25. B. Hemmateenejad, M. Shamsipur, V. Zare-Shahabadi, and M. Akhond, “Building optimal regression tree by ant colony system-genetic algorithm: application to modeling of melting points,” Analytica Chimica Acta, vol. 704, no. 1-2, pp. 57–62, 2011. View at Publisher · View at Google Scholar · View at Scopus
  26. S. R. Jangam and N. Chakraborti, “A novel method for alignment of two nucleic acid sequences using ant colony optimization and genetic algorithms,” Applied Soft Computing Journal, vol. 7, no. 3, pp. 1121–1130, 2007. View at Publisher · View at Google Scholar · View at Scopus
  27. T. Keskinturk, M. B. Yildirim, and M. Barut, “An ant colony optimization algorithm for load balancing in parallel machines with sequence-dependent setup times,” Computers and Operations Research, vol. 39, no. 6, pp. 1225–1235, 2012. View at Publisher · View at Google Scholar · View at Zentralblatt MATH · View at MathSciNet · View at Scopus
  28. S. Akpınar, G. M. Bayhan, and A. Baykasoglu, “Hybridizing ant colony optimization via genetic algorithm for mixed-model assembly line balancing problem with sequence dependent setup times between tasks,” Applied Soft Computing, vol. 13, no. 1, pp. 574–589, 2013. View at Google Scholar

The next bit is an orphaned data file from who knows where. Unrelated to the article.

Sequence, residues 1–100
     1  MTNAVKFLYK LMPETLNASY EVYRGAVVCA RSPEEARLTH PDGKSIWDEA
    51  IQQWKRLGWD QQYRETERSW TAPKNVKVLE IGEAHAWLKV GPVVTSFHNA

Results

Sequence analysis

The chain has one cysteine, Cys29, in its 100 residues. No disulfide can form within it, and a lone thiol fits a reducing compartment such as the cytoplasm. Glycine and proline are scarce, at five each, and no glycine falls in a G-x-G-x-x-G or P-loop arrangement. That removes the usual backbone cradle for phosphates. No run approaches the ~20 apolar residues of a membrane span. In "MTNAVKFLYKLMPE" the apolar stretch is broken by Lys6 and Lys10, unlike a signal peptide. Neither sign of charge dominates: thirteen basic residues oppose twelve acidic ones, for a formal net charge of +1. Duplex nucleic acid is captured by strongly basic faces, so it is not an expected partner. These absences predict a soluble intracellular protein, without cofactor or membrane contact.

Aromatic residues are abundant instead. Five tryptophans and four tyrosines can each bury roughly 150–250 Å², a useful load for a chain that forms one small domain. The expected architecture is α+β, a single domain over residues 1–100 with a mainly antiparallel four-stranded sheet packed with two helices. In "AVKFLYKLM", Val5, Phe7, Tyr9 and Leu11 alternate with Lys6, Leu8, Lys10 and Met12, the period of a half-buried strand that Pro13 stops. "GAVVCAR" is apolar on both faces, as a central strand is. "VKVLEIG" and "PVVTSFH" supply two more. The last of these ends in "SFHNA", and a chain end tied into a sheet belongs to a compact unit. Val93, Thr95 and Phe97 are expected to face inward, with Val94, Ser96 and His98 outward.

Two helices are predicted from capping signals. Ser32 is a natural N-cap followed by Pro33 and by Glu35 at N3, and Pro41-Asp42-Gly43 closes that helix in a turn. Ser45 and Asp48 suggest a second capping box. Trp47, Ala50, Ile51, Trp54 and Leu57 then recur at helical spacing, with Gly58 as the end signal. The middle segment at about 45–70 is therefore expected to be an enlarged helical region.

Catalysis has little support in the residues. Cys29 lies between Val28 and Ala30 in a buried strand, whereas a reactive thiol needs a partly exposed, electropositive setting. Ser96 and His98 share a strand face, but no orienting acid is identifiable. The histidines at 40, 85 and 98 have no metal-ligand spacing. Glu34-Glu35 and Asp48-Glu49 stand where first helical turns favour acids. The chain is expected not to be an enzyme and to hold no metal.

29. G. Xu, T. Li, X. Zhang, and L. Zhang, “Modeling and motion analysis of a missile based on mass moment control,” Journal of Harbin Engineering University, vol. 32, no. 12, pp. 1588–1593, 2011. View at Publisher · View at Google Scholar · View at Scopus
  30. H.-B. Duan, Ant Colony Algorithms: Theory and Applications, Science Press, Beijing, China, 2005.
  31. R. J. Mullen, D. Monekosso, S. Barman, and P. Remagnino, “A review of ant algorithms,” Expert Systems with Applications, vol. 36, no. 6, pp. 9608–9617, 2009. View at Publisher · View at Google Scholar · View at Scopus
  32. M. H. Afshar, “A parameter free Continuous Ant Colony Optimization Algorithm for the optimal design of storm sewer networks: constrained and unconstrained approach,” Advances in Engineering Software, vol. 41, no. 2, pp. 188–195, 2010. View at Publisher · View at Google Scholar · View at Scopus
  33. G.-Z. Tan and W.-B. Li, “Design of ant algorithm-based optimal PID controller and its application to intelligent artificial leg,” Journal of Central South University of Technology, vol. 35, no. 1, pp. 91–96, 2004. View at Google Scholar · View at Scopus
  34. Y.-H. Zhang, L. Feng, and Z. Yang, “Optimization of cloud database route scheduling based on combination of genetic algorithm and ant colony algorithm,” Procedia Engineering, vol. 15, pp. 3341–3345, 2011. View at Google Scholar